Afternoon Tea In Melbourne
A visit to Melbourne would not be complete without Afternoon Tea at The Hotel Windsor - a quintessential Melbourne experience steeped in tradition and served since 1883.
Held in the elegant One Eleven lounge, Afternoon Tea is served on traditional three-tiered silver stands with ribbon sandwiches, savoury pastries, French patisserie, and freshly baked scones with housemade Windsor jam and double cream. A selection of 11 teas including the house Windsor blend is served in elegant silver teapots and Noritake crockery. Sparkling wine and French Champagne is also offered.
On the weekends, we are delighted to offer an Afternoon Tea menu and a delectable cake buffet.
Experience Afternoon Tea at The Hotel Windsor, created by Executive Chef Jérémie Parmentier.
The Windsor's Christmas Afternoon Tea
We’re delighted to unveil our Christmas Afternoon Tea, this year featuring whimsical patisserie by Head Pastry Chef Jérémie Parmentier.
Running from 1 – 31 December, it is an occasion not to be missed!
We are delighted to host the Melbourne City Ballet for a suite of short performances from The Nutcracker on Tuesday 18th December.
10 performers from the company will perform two dances from the ballet in the Grand Ballroom at 11.30am. We encourage everyone to arrive 5-10 minutes prior.
This event is free to the public. We hope you join us for our Christmas Afternoon Tea after the performance!
Monday-Tuesday: 12 noon - 2pm
Wednesday-Friday: 12 noon - 2pm & 2:30pm - 4:30pm
Saturday-Sunday: 12 noon - 2pm & 3pm - 5pm
Afternoon Tea is served daily except on Christmas Day. Afternoon Tea times will vary during special events such as Mother's Day. Please subscribe to our newsletter to receive updates.
$75 per adult with a glass of French Sparkling Wine
$95 per adult with a glass of Louis Roederer Brut Premier Champagne
$40 per child aged 7-12 years
$25 per child aged 3-6 years
Seniors are eligible for a 15% discount off adult prices on weekdays*
Saturdays and Sundays:
Includes an indulgent dessert buffet.
$99 per adult with a glass of French Sparkling Wine
$119 per adult with a glass of Louis Roederer Brut Premier Champagne
$50 per child aged 7-12 years
$30 per child aged 3-6 years
*Seniors Weekday Discount
Please advise at the time of booking and bring along your Seniors Card on the day. Discount is only valid for the senior diner and may not be used in conjunction with any other offer.
Prices, times and menus are subject to change and may differ for special events. A $10 per person surcharge also applies on public holidays.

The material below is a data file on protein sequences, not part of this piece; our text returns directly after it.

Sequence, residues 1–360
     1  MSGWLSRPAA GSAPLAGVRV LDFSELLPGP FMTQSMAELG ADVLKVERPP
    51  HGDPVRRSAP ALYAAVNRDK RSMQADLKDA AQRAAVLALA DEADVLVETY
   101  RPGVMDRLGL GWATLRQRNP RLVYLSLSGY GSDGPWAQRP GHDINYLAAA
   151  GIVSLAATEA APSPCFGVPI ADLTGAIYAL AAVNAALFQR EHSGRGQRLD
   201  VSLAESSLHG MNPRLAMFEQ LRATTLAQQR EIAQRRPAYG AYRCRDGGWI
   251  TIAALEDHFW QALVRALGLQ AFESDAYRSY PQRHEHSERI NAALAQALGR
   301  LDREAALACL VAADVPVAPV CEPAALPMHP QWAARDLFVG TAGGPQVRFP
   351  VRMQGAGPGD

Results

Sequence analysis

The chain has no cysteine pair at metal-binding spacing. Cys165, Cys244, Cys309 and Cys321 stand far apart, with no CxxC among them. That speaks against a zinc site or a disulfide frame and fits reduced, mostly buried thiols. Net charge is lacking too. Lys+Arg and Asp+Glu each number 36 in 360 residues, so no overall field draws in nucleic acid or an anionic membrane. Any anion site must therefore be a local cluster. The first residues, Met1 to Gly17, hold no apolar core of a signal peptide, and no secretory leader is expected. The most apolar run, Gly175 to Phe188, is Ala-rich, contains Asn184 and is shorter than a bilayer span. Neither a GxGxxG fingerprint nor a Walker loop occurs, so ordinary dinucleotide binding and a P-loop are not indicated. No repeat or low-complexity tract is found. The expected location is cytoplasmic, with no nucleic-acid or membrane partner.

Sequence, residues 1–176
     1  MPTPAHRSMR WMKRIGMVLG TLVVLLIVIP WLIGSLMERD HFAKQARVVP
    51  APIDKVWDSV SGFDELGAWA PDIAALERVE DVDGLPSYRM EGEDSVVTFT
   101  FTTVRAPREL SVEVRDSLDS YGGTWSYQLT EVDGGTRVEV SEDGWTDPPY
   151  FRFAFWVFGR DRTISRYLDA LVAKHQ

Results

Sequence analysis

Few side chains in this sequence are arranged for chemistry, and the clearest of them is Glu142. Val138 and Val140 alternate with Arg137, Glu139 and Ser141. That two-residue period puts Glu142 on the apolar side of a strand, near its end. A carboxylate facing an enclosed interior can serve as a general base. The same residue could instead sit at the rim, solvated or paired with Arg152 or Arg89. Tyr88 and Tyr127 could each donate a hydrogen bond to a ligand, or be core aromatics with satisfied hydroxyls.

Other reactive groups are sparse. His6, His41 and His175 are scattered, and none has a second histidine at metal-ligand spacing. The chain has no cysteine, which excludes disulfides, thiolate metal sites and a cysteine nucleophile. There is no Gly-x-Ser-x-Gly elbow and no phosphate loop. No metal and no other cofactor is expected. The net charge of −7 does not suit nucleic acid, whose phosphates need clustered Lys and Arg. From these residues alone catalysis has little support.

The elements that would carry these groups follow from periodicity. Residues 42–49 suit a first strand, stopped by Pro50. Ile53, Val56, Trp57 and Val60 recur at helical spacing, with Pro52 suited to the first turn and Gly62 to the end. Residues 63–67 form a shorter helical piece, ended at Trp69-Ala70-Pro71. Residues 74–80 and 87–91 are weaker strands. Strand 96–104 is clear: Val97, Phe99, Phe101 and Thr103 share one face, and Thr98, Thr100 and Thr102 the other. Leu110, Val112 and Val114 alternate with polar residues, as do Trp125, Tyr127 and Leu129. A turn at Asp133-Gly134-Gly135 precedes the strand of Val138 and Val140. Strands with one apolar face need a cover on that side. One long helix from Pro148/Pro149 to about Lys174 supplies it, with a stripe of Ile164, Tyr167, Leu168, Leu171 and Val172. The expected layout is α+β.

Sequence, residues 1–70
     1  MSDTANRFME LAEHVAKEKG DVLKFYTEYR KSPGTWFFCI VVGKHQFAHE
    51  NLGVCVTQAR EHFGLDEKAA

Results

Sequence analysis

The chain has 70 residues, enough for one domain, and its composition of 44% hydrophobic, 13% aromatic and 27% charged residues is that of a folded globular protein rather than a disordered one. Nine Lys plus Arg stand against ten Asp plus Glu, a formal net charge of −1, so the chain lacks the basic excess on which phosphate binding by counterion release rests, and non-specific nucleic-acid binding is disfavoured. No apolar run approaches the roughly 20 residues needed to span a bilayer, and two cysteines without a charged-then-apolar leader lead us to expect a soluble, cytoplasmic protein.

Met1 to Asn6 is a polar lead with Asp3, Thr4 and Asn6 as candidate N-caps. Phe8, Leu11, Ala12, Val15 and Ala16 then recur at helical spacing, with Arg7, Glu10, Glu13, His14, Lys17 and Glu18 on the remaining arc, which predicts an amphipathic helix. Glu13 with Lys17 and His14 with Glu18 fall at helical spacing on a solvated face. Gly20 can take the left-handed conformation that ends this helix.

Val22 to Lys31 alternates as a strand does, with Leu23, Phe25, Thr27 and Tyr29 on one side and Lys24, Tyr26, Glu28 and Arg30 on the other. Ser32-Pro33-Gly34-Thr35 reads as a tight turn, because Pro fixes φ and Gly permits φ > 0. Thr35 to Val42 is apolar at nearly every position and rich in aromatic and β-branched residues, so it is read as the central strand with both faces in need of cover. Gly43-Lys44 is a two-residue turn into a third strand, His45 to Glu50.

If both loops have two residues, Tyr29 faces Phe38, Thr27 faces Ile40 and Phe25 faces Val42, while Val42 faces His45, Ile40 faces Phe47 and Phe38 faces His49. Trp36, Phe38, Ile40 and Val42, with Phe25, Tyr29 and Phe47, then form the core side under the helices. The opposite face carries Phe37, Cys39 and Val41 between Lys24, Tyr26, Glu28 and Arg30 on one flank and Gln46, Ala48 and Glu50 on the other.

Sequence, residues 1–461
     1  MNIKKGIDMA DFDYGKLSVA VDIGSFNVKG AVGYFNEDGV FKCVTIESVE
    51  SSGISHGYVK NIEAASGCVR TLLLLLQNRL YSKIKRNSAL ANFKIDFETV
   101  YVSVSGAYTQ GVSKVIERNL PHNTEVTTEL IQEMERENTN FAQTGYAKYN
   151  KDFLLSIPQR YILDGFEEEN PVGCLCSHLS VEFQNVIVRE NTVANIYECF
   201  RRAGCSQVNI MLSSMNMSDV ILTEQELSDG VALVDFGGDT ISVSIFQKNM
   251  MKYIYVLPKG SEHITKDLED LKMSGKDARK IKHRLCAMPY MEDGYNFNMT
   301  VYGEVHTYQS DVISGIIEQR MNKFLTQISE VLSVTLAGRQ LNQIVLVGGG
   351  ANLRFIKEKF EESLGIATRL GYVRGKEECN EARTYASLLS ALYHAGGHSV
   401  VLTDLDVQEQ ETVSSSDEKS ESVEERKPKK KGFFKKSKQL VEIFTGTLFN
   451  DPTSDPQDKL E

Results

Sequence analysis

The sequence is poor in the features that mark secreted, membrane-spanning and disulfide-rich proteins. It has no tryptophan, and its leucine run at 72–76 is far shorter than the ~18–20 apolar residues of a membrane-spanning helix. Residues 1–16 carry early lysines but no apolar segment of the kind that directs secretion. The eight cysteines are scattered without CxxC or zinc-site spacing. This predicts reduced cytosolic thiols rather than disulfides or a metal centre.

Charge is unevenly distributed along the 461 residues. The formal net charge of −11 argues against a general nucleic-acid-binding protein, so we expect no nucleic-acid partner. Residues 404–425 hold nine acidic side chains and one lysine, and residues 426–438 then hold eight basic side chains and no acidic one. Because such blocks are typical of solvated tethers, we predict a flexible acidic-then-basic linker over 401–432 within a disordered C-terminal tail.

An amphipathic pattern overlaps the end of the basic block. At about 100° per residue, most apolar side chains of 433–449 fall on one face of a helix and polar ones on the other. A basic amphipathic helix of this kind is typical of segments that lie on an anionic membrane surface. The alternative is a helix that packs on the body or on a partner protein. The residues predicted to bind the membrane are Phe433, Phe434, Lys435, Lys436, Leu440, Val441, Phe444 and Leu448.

HISTORY OF AFTERNOON TEA
The origins of Afternoon Tea, as we know it today, reveal a fascinating mixture of historical and cultural influences. Once reserved purely for royalty and the aristocracy, Afternoon Tea is now enjoyed throughout the world, yet a setting as appropriate as Melbourne’s famous Hotel Windsor would be hard to find.
The simple ‘cuppa’ has a far-from-simple history. Tea gained popularity with nobility in Britain after the tea trade took off in the 1670s with the advent of the British East India Company. A century later tea arrived in Australia with the First Fleet in 1788, and having ‘Tea’ in the new colony represented a time for social interaction and friendship rather than the more class-focussed rituals of the UK.
Afternoon Tea itself came about around the time that gas lighting was introduced in the 1800s in Britain. This meant people were able to stay up later into the night, and therefore sought to eat their evening meal later too. This shift left a large, foodless gap in the day.
Legend has it that in 1840, Anna, the Seventh Duchess of Bedford (one of Queen Victoria’s ladies-in-waiting), began to request tea and a small meal of bread and butter, cakes and biscuits in the afternoon to tide her over until dinner. Her innovative (and somewhat indulgent) habit became a highly social occasion, with friends coming to share the hot beverages, delicate snacks and convivial conversation. By 1880, the trend took off and afternoon tea spread to the homes of the upper classes with teashops later springing up across the country.
The name ‘High Tea’ actually refers to a similar practice adopted by the working classes midway through the Industrial Revolution. It involved a heavier meal served with tea at 5.00 pm, upon returning home from work. As it was served at high tables it became known as “high tea”, whereas the more sophisticated afternoon tea was technically named ‘low tea’ in reference to the low drawing room tables that the upper classes would sit around to carry out the ritual.
Windsor Tea For Home
The Hotel Windsor offers an exclusive range of tea blends created especially for the hotel. We are delighted to offer a special Windsor Blend to take home. Please visit our online gift shop to make a purchase.
Afternoon Tea Etiquette
All you need to know about Afternoon Tea. We look at the history of this British pastime, the 'tier panic' syndrome, and how to hold a tea cup and where to place a napkin. DOWNLOAD
Gift the wonderful experience of traditional Afternoon Tea at a Melbourne institution with our gift certificates.
The closest train station is Parliament (Bourke Street exit)
Trams 11, 12, 48, 86, 96, 109 and the free City Circle tram stop close by.
Please find more details here.
Please advise us at the time of reservation if you have any dietary requirements or if you are pregnant.